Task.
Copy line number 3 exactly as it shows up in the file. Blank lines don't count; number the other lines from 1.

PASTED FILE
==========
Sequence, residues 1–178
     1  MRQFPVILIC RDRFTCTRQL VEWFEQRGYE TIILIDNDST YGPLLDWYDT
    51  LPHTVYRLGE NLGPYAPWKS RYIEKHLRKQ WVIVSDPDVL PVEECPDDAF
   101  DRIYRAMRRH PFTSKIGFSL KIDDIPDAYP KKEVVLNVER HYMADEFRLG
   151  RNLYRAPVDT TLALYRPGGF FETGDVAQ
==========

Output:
    51  LPHTVYRLGE NLGPYAPWKS RYIEKHLRKQ WVIVSDPDVL PVEECPDDAF